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|Title:||Characterization of leukemias with ETV6-ABL1 fusion|
Frederik Falkenburg, J.
|Citation:||Proceedings of the 57th Annual Meeting of the American-Society-of-Hematology, as published in Haematologica, 2016 / vol.101, iss.9, pp.1082-1093|
|Publisher:||Ferrata Storti Foundation|
|Conference Name:||Annual Meeting of the American-Society-of-Hematology (05 Dec 2015 - 08 Dec 2015 : Orlando, FL)|
|Marketa Zaliova, Anthony V. Moorman, Giovanni Cazzaniga, Martin Stanulla, Richard C. Harvey, Kathryn G. Roberts, Sue L. Heatley, Mignon L. Loh, Marina Konopleva, I-Ming Chen, Olga Zimmermannova, Claire Schwab, Owen Smith, Marie-Joelle Mozziconacci, Christian Chabannon, Myungshin Kim, J. H. Frederik Falkenburg, Alice Norton, Karen Marshall, Oskar A. Haas, Julia Starkova, Jan Stuchly, Stephen P. Hunger, Deborah White, Charles G. Mullighan, Cheryl L. Willman, Jan Stary, Jan Trka, and Jan Zuna|
|Abstract:||To characterize the incidence, clinical features and genetics of ETV6-ABL1 leukemias, representing targetable kinase-activating lesions, we analyzed 44 new and published cases of ETV6-ABL1-positive hematologic malignancies [22 cases of acute lymphoblastic leukemia (13 children, 9 adults) and 22 myeloid malignancies (18 myeloproliferative neoplasms, 4 acute myeloid leukemias)]. The presence of the ETV6-ABL1 fusion was ascertained by cytogenetics, fluorescence in-situ hybridization, reverse transcriptase-polymerase chain reaction and RNA sequencing. Genomic and gene expression profiling was performed by single nucleotide polymorphism and expression arrays. Systematic screening of more than 4,500 cases revealed that in acute lymphoblastic leukemia ETV6-ABL1 is rare in childhood (0.17% cases) and slightly more common in adults (0.38%). There is no systematic screening of myeloproliferative neoplasms; however, the number of ETV6-ABL1-positive cases and the relative incidence of acute lymphoblastic leukemia and myeloproliferative neoplasms suggest that in adulthood ETV6-ABL1 is more common in BCR-ABL1-negative chronic myeloid leukemia-like myeloproliferations than in acute lymphoblastic leukemia. The genomic profile of ETV6-ABL1 acute lymphoblastic leukemia resembled that of BCR-ABL1 and BCR-ABL1-like cases with 80% of patients having concurrent CDKN2A/B and IKZF1 deletions. In the gene expression profiling all the ETV6-ABL1-positive samples clustered in close vicinity to BCR-ABL1 cases. All but one of the cases of ETV6-ABL1 acute lymphoblastic leukemia were classified as BCR-ABL1-like by a standardized assay. Over 60% of patients died, irrespectively of the disease or age subgroup examined. In conclusion, ETV6-ABL1 fusion occurs in both lymphoid and myeloid leukemias; the genomic profile and clinical behavior resemble BCR-ABL1-positive malignancies, including the unfavorable prognosis, particularly of acute leukemias. The poor outcome suggests that treatment with tyrosine kinase inhibitors should be considered for patients with this fusion.|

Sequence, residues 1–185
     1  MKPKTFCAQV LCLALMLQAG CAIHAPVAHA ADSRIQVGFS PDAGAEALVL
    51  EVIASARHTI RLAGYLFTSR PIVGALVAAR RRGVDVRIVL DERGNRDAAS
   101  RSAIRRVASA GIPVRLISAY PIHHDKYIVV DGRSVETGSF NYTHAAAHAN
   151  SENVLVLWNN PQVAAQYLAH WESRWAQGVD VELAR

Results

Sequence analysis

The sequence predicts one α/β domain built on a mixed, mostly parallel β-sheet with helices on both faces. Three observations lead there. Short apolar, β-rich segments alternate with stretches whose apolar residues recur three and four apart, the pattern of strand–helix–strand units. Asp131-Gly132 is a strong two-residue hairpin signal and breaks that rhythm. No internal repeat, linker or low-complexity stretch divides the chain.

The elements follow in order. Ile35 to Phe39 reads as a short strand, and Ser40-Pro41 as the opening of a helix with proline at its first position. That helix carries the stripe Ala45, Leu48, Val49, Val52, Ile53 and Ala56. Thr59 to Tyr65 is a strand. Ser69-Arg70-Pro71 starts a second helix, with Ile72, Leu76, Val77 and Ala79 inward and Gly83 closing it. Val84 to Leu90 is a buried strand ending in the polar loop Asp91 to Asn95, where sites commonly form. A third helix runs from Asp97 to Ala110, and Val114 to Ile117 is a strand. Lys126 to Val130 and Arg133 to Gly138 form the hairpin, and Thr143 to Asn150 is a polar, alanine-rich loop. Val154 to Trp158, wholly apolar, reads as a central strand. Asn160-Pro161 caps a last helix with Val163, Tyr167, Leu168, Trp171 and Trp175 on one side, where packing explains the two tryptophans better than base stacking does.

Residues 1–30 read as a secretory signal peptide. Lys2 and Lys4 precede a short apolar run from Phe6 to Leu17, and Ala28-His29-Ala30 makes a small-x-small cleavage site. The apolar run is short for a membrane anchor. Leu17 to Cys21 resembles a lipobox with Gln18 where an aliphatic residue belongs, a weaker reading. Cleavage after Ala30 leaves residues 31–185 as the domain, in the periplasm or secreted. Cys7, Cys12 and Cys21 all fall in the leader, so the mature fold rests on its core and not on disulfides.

|Keywords:||Humans; Leukemia; Translocation, Genetic; Oncogene Proteins, Fusion; In Situ Hybridization, Fluorescence; Cluster Analysis; Gene Expression Profiling; Alternative Splicing; Phenotype; Polymorphism, Single Nucleotide; Adolescent; Adult; Aged; Middle Aged; Child; Child, Preschool; Infant; Female; Male; Protein-Tyrosine Kinases; Young Adult; DNA Copy Number Variations; Transcriptome|
|Rights:||© 2016 Ferrata Storti Foundation. Material published in Haematologica is covered by copyright. All rights reserved to the Ferrata Storti Foundation. Copies of articles are allowed for personal or internal use. Permission in writing from the publisher is required for any other use. Haematologica is an Open Access journal|
|Appears in Collections:||Pathology publications|
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